The volatile phase does not last long and there is a sideways movement. The market is resting and picking up new momentum (purple circle) before breaking up again. Here, too, there is a short downward trend (red trend channel) before it goes into a trendless phase.

 

Important:

The price development in an underlying changes again and again between trends, volatile phases and trendless phases.

It is important that you as a trader accept the different phases! It won't always go steeply downhill or uphill. Anyone who has been around for a long time may have noticed that the volatile phases have the smallest share in the development of an underlying asset.

 

What is a trend made of?

A trend always consists of movement and correction. The movement is logically longer than the correction.

In the uptrend it means that a high point is followed by a short setback and then a “higher” high than before is formed. In the downtrend it is the other way around. At a low point, a new low point occurs after a short upward ricochet.

You can see this very well in the red trend channel, as the course does not fall through like a stone in one go, but is gently led downhill like a staircase.

This chart is an excerpt from Figure 1 and shows us the first downtrend again. Here I have clearly marked the high points (green circles) and the low points (orange circles) again.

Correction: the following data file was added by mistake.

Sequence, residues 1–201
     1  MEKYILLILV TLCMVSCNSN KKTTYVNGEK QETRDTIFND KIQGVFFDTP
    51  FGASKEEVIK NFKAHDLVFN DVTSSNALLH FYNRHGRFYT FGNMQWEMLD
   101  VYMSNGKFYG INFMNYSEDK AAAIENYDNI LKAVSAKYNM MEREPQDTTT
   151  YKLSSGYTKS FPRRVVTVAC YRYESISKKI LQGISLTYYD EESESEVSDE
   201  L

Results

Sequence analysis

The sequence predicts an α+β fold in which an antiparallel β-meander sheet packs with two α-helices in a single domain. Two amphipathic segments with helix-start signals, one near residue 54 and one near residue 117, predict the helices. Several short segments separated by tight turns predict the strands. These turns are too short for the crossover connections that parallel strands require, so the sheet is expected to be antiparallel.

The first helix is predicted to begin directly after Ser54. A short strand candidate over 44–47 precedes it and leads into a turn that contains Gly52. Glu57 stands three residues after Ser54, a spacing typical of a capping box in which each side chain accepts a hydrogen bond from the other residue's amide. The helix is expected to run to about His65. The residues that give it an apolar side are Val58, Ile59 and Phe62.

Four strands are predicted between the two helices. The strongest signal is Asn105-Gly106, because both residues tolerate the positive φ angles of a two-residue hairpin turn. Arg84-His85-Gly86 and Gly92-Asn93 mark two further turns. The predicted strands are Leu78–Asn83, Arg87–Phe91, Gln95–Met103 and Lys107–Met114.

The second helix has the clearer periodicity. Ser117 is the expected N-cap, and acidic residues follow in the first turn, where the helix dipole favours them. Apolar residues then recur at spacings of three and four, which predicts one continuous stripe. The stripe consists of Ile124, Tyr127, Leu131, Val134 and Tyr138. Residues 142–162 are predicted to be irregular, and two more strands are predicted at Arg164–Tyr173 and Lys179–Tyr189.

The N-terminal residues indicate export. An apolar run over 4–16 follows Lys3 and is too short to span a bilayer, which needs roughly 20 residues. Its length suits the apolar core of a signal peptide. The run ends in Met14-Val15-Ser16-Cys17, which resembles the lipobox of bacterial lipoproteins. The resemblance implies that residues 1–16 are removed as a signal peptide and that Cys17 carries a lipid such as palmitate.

Since it is a downtrend, a low is followed by an even “deeper” low.

In the next section you will learn how to identify such trends on your own.

 

How can you spot a trading trend?

You now know that there are upward trends and downward trends in a market and that the different phases always alternate.

The exciting question that you as a trader have to ask and answer is:

When is a trend actually a trend?

The question is so interesting because for successful trend trading you have to recognize the trend very early. It doesn't help you if the trend has already run a long way, because you know that every trend comes to an end. At the same time, the early speculation á la “a trend could emerge here” is dangerous. So it depends on the timing, as we'll see in a moment.